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Rare meets common: Reacting protactinium with ubiquitous water explains an elemental oddity

Date:
April 7, 2016
Source:
Department of Energy, Office of Science
Summary:
Scientists demonstrated that a positively charged protactinium dioxide ion may not exist in aqueous solution like other highly charged actinides, such as uranium and plutonium.
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Adding a water molecule to the positively charged protactinium dioxide ion results in hydrolysis, or water splitting. The result is a new molecule, bis-hydroxide, PaO(OH)2+. This behavior reveals that different chemistry occurs when a water molecule is added to protactinium versus the heavier actinide dioxide cations of uranium, neptunium, and plutonium.
Credit: Image courtesy of Lawrence Berkeley National Laboratory

Found naturally only in trace quantities and seminal to alternate nuclear reactor fuels, protactinium is an extremely rare element that could reveal new trends among nearby actinide elements, including uranium. Scientists at Lawrence Berkeley National Laboratory and Argonne National Laboratory demonstrated that a positively charged protactinium dioxide ion may not exist in aqueous solution like other highly charged actinides, such as uranium and plutonium.

Why? Because the energy of hydrating, or adding a water molecule, is very near to hydrolyzing or causing that water molecule to break apart. This is in contrast to the behavior of heavier actinides, such as uranium and plutonium.

The molecular-level results provide key fundamental insights into the distinctively different chemistries of protactinium and the other actinides in aqueous solutions. The chemistry of protactinium, which is very difficult to study due to it scarcity and complex chemistry, is important for understanding and controlling its behavior for application in nuclear reactors, as well as for comprehending the overall variable and complex chemistry of the actinide series and transition elements used in everyday technologies.

Scientists found that gas-phase oxo-exchange of the positively charged protactinium ion, PaO2+, with water was substantially faster than that of its uranium counterpart, UO2+, indicating that the Pa-O bonds are more susceptible to activation and formation of the bis-hydroxide intermediate, PaO(OH)2+. To elucidate the nature of the water adduct of PaO2+, hydration of PaO2+ and UO2+, as well as collision-induced dissociation and ligand-exchange of the water adducts of PaO2+ and UO2+, were studied in an ion trap.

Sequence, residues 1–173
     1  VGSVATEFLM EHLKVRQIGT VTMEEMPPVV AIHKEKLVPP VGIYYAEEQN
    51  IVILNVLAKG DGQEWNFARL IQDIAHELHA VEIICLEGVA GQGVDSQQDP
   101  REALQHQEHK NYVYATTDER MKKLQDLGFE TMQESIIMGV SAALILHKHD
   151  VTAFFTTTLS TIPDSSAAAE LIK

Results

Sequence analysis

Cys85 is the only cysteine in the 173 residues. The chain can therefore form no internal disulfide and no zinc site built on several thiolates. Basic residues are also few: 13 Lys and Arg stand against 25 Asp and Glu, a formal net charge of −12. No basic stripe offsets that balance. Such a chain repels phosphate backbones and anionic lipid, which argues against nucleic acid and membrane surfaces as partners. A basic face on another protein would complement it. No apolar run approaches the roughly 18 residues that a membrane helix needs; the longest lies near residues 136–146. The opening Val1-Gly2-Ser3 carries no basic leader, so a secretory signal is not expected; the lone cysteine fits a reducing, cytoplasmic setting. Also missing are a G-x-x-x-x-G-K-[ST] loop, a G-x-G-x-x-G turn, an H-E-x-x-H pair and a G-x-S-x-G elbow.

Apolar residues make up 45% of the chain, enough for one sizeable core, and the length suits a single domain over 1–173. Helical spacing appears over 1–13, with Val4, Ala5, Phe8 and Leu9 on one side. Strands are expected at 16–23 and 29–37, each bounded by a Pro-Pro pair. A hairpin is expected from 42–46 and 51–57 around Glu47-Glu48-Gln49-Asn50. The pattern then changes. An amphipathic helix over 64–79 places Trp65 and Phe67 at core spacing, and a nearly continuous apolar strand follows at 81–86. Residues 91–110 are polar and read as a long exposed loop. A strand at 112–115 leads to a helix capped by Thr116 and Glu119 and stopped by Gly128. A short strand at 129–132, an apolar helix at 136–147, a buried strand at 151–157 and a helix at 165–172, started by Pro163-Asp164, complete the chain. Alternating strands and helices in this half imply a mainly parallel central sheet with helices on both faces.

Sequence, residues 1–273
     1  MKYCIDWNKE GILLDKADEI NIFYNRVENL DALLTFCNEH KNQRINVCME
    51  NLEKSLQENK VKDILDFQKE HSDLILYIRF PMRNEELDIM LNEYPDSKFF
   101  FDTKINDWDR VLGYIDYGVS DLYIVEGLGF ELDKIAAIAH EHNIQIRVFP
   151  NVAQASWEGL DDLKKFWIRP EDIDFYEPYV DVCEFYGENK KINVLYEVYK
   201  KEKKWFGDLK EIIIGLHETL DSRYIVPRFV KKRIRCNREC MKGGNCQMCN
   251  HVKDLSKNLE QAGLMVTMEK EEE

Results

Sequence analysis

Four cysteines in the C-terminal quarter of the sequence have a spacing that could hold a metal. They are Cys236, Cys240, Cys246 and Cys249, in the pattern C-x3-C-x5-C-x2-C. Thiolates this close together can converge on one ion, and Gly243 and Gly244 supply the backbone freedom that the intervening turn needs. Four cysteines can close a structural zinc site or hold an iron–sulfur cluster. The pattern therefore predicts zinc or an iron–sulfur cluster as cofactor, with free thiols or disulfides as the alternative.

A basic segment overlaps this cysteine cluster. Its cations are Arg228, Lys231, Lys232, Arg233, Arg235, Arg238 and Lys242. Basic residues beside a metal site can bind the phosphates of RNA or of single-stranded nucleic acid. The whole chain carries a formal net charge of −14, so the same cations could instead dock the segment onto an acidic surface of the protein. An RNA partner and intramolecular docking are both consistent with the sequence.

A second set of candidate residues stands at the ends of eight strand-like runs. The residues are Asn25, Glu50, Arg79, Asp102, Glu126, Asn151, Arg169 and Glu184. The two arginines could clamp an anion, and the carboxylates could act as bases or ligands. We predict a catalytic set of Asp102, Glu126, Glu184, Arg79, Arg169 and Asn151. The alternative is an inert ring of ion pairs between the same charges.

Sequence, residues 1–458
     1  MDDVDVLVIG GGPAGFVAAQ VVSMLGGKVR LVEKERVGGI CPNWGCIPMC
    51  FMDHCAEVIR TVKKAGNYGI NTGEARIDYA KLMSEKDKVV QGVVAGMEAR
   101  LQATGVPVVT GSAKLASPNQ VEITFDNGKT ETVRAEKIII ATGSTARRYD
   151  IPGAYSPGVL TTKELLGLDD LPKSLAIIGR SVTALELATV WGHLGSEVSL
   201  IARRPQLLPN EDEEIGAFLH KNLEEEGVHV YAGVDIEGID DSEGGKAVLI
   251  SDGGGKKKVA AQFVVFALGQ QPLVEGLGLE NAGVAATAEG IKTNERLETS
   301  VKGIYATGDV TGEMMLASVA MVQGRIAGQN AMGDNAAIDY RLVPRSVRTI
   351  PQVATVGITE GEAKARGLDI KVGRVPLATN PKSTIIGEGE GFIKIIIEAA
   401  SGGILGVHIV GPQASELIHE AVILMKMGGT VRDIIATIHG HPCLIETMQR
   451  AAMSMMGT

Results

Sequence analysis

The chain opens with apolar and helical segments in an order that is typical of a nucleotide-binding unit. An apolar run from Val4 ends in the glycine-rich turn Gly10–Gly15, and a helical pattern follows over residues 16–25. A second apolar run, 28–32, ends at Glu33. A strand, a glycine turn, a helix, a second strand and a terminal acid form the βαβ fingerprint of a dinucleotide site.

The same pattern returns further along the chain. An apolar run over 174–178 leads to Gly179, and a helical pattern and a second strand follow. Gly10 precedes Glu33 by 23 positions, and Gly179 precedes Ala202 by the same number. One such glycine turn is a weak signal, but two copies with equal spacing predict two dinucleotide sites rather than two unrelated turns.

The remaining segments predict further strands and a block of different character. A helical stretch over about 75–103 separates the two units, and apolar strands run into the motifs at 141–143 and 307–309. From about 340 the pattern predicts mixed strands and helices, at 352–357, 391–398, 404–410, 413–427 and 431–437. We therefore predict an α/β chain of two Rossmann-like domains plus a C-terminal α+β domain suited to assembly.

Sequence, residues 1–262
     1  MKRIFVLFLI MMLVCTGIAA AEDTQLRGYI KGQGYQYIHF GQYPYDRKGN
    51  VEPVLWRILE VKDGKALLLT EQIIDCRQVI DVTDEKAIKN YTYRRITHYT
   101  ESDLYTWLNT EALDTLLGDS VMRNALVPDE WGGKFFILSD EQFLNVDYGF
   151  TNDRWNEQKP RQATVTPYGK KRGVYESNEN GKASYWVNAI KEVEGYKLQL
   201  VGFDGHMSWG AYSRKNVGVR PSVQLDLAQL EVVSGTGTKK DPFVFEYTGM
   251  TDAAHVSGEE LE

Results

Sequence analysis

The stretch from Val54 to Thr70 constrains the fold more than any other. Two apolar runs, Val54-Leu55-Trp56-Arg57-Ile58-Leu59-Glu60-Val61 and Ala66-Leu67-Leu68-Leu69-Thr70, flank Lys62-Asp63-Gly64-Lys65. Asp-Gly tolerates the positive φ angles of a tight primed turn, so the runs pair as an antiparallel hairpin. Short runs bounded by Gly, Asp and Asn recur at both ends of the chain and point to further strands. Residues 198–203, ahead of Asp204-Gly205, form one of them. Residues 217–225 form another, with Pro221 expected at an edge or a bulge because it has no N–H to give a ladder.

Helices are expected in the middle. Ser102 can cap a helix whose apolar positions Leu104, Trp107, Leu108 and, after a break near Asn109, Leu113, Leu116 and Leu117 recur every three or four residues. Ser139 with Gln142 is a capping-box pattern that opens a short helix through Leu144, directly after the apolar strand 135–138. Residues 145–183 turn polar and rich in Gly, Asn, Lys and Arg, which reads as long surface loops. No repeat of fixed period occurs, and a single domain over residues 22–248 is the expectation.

The results indicate that, in contrast to UO2(H2O)+, the protactinium hydroxide isomer, PaO(OH)2+, is produced as a gas-phase species close in energy to the hydrate isomer, PaO2(H2O)+. Similar collision-induced dissociation behavior to Th(OH)3+ subports the assignment as PaO(OH)2+. The gas-phase results are consistent with the spontaneous hydrolysis of PaO2+ in aqueous solution, this in contrast to heavier actinide dioxides of uranium, neptunium, and plutonium; the heavier actinide dioxides form stable hydrates in both solution and gas phase. The researchers concluded that the stabilities of oxo-hydroxides relative to oxide hydrates decrease in the order: Th(IV) > Pa(V) > U(V) > Np(V) > Pu(V). This trend suggests increasing covalency, and decreasing ionicity, of actinide oxygen bonds upon proceeding across the actinide series, a key chemical attribute.

This work was supported by the U.S. Department of Energy (DOE), Office of Science, Office of Basic Energy Sciences, Heavy Element Chemistry, at Lawrence Berkeley National Laboratory under Contract No. DE-AC02-05CH11231 (P.D.D. and J.K.G.) and by DOE Office of Science, Office of Basic Energy Sciences, Early Career Research Award Program, under Contract DE-AC02-06CH11357 (R.E.W.).


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Journal Reference:

  1. Phuong D. Dau, Richard E. Wilson, John K. Gibson. Elucidating Protactinium Hydrolysis: The Relative Stabilities of PaO2(H2O) and PaO(OH)2. Inorganic Chemistry, 2015; 54 (15): 7474 DOI: 10.1021/acs.inorgchem.5b01078

Cite This Page:

Department of Energy, Office of Science. "Rare meets common: Reacting protactinium with ubiquitous water explains an elemental oddity." ScienceDaily. ScienceDaily, 7 April 2016. <www.sciencedaily.com/releases/2016/04/160407151001.htm>.
Department of Energy, Office of Science. (2016, April 7). Rare meets common: Reacting protactinium with ubiquitous water explains an elemental oddity. ScienceDaily. Retrieved May 29, 2017 from www.sciencedaily.com/releases/2016/04/160407151001.htm
Department of Energy, Office of Science. "Rare meets common: Reacting protactinium with ubiquitous water explains an elemental oddity." ScienceDaily. www.sciencedaily.com/releases/2016/04/160407151001.htm (accessed May 29, 2017).

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